Why Giannis Antetokounmpo Chose the Path of Most Resistance

On his home’s second floor, Giannis keeps a room full of unworn shoes. A literal room, filled to the literal top, in a house with only a normal abundance of rooms. “How many of these shoes do you think I wear?” Giannis asked me, mischievously, and then answered his own question: “I don’t wear them.”

There’s every Jordan known to man here, and shoes that Virgil wrote on. Travis Scott Nikes. Kobes. Giannis is sponsored by Nike, so this isn’t surprising, but the fact that he doesn’t wear the shoes is a little surprising, and the fact that he is keeping them is more surprising. More surprising still: “I’m going to sell this shit,” he said, with a grin. That’s why he’s devoted an entire room of his own living space to them. Not to wear them but to keep them as an investment.

Mariah’s father makes jokes about Giannis. “You know when the birds go in the morning?” Giannis said, quoting the joke. “ ‘Cheep, cheep’—cheap. That’s who I am.” On airplanes, he used to buy coach tickets and would seek out whoever was sitting in the exit row and ask them to switch: “ ‘You’re a Bucks fan?’ ‘Yes.’ ‘Want two tickets for the game? When? November?’—I’m a great seller, that’s what you don’t know. I’m a great seller—‘Would you trade my seat with you?’ ”

I said that if Giannis Antetokounmpo approached me to switch seats on a commercial flight, I’d probably be surprised that he wasn’t on a private jet.

“Nobody has money for a private jet, man. Hell no, man.”

Not even to Greece?

“Why would you spend $150,000 to one-way trip there? That’s $300,000. The market makes 6 to 10 percent every year… He’s laughing.”

(I was laughing.)

“So, you can make, for the rest of your life, with that money you just spent, 24- to 30,000 a year, because that’s what the market makes on average. If you take that money and you take it away, that 24- to 30,000 growth every year goes away—correct? So why would I teach my kids that?”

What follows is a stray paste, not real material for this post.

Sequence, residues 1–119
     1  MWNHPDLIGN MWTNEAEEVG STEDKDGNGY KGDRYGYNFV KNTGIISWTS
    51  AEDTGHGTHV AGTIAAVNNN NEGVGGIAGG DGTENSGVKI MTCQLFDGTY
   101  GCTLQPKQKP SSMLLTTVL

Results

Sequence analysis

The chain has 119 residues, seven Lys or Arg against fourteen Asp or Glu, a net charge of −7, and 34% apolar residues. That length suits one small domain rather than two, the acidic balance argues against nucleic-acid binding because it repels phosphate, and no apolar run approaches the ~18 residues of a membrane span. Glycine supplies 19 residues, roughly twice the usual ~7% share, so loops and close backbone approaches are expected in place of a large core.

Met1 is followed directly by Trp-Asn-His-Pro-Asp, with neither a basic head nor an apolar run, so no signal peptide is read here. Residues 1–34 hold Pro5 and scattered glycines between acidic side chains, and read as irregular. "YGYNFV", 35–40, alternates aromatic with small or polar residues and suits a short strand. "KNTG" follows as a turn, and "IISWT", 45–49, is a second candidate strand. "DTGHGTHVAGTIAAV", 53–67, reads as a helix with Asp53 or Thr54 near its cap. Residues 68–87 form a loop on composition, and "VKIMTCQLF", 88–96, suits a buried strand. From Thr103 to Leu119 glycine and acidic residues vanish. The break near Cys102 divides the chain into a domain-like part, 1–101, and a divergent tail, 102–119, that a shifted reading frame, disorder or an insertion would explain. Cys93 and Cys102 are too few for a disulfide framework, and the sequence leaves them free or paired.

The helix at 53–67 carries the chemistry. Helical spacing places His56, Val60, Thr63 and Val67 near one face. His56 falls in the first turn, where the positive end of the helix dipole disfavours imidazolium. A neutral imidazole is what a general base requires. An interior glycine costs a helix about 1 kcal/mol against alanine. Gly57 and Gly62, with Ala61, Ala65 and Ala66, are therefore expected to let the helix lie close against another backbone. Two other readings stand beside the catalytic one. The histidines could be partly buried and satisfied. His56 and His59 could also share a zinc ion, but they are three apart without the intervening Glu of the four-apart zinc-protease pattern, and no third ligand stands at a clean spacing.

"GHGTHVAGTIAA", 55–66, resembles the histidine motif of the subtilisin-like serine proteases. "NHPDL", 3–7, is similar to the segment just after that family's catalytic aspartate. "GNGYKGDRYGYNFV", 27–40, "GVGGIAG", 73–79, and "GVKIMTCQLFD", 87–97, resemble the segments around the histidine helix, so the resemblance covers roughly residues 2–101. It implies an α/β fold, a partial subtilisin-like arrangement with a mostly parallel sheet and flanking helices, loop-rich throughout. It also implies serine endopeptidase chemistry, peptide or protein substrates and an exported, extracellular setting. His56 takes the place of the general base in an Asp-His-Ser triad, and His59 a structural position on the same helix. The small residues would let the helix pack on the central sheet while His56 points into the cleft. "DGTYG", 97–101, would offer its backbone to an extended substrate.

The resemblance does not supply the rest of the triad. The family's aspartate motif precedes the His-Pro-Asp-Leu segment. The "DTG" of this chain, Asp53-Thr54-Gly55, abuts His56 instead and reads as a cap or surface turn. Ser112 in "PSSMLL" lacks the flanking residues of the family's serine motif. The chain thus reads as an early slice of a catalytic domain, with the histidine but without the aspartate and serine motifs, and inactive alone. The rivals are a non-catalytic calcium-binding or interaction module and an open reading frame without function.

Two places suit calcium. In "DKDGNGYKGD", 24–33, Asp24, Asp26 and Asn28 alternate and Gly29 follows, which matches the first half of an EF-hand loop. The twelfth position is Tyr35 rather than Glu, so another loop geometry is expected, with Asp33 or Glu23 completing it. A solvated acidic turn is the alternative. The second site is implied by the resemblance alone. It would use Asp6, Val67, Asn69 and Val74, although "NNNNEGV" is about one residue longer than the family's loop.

Giannis drives a 2011 GMC truck he bought not long after he got here, or a Mercedes he bought in 2018, or the G-Wagon he got for free. “I don’t put my money in my stuff that loses value,” he said. Meals, sure. He and Mariah go out and eat well. “But ain’t nobody got time for spending money on clothes and time for…what’s it called?”

A stylist?

“Fuck—sorry. Eff no. Man, let me tell you one thing. This is me. If you try to spend time on how you’re going to look to the tunnel, man, you already took away focus from the game. Just put on some stuff and just focus on that 48 minutes. Not how I’m going to look in the tunnel when they show me. Now, if you’re talking about one thing I enjoy, I love watches.”

Why? Because they increase in value. He named a few, and then asked that I not say which ones. He is trying to give less free promo, now that he’s a champion: If you want your product to be mentioned by Giannis, from now on you’re going to have to pay. As we talked, he’d be deep into some anecdote and then wonder if he was supposed to promote his businesses, the sponsorships he’s already acquired, the investments—like the piece of the Milwaukee Brewers he just bought this week—he’s already made. Is he supposed to promote his businesses? How does one do that in an interview? He was unsure. He settled for leaning into my recorder, listing his endorsements, then going back to whatever story he was telling.

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